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The 41st president joins more than 100 high-level Republican officials in opposing Trump this November.
No wonder Donald Trump rails against the political elite—they don’t seem to like him very much.
As first reported by Politico, Townsend posted a photo of her and 92-year-old Bush with a caption stating, “The President told me he’s voting for Hillary!” Townsend, daughter of the late Robert F. Kennedy and a former Maryland lieutenant governor, further confirmed Bush’s alleged support for Clinton in a statement to Politico.
Jim McGrath, a spokesperson for Bush, did not confirm that the former president plans to vote for Clinton, nor did he deny it. “The vote President Bush will cast as a private citizen in some 50 days will be just that: a private vote cast in some 50 days. He is not commenting on the presidential race in the interim,” McGrath said.
While Clinton’s lead over Trump has narrowed to one point—down from a seven-point lead in August—the real estate mogul and former reality TV star remains unpopular among longtime Republican politicians and officials, more than 100 of whom have publicly denounced the Republican presidential nominee.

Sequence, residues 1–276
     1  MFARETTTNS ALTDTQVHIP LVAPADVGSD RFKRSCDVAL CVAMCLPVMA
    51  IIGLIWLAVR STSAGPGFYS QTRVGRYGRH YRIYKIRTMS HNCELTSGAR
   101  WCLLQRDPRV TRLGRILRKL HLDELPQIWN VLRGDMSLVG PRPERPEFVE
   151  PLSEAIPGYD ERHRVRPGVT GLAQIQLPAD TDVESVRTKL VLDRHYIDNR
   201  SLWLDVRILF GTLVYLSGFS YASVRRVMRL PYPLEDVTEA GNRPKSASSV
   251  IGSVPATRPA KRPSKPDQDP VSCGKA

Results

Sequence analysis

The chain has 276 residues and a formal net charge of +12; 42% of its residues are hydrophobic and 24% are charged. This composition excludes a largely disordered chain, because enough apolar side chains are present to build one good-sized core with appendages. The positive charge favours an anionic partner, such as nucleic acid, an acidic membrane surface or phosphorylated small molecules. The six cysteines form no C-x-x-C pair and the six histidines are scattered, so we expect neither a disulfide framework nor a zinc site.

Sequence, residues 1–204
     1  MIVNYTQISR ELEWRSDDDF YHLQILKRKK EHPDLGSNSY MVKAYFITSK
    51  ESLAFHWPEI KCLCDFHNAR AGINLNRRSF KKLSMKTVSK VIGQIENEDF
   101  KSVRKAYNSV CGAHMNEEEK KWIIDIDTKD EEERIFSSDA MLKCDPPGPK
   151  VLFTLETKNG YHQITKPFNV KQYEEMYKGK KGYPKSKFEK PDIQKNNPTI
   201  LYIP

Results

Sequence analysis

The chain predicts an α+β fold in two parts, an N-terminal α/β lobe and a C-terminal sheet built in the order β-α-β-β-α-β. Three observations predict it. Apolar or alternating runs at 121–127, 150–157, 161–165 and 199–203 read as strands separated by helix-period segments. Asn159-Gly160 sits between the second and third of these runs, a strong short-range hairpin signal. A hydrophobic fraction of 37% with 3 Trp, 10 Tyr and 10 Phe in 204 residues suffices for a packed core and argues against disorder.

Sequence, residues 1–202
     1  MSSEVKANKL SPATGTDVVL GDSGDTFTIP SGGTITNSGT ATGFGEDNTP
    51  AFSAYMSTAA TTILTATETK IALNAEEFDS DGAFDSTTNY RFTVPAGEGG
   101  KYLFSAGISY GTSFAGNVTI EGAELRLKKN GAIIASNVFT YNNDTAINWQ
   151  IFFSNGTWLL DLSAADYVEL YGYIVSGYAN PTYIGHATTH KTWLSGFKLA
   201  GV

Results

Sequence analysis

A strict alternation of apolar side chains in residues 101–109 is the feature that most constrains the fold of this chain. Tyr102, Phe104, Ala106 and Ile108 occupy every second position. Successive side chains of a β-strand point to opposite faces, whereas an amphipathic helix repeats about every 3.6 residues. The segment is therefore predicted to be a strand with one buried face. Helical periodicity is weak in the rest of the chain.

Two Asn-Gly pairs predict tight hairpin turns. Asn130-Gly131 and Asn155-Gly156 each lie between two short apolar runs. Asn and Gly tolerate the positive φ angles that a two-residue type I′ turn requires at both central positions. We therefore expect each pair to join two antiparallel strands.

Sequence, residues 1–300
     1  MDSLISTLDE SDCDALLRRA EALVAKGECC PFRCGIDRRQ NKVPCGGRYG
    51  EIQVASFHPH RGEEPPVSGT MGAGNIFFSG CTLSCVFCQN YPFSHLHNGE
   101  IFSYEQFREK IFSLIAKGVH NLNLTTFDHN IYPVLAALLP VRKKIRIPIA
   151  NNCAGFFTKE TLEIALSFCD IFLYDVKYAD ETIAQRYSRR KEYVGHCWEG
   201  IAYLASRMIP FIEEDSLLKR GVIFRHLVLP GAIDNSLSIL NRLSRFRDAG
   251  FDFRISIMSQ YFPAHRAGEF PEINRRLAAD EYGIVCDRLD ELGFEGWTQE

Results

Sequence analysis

In August, 50 Republican national security officials, including many who served under former President George W. Bush, the elder Bush’s son, denounced Trump as a threat to United States national security. And hacked emails stolen from retired four-star General Colin Powell, who served as secretary of state under George W. Bush, revealed earlier this month that Powell sees Trump as a “national disgrace.”
If the senior Bush does plan to vote Clinton in November, the decision may be a personal one. Bush’s son former Florida Gov. Jeb Bush, who many assumed would become the 2016 Republican nominee, fell to Trump in the GOP primaries after the businessman labeled him “low energy”—an attack that Trump supporters have since applied to virtually anyone they oppose.
Now, it seems, they’ll have to add another former president to that list.
Andrew Couts is the former editor of Layer 8, a section dedicated to the intersection of the Internet and the state—and the gaps in between. Prior to the Daily Dot, Couts served as features editor and features writer for Digital Trends, associate editor of TheWeek.com, and associate editor at Maxim magazine. When he’s not working, Couts can be found hiking with his German shepherds or blasting around on motorcycles.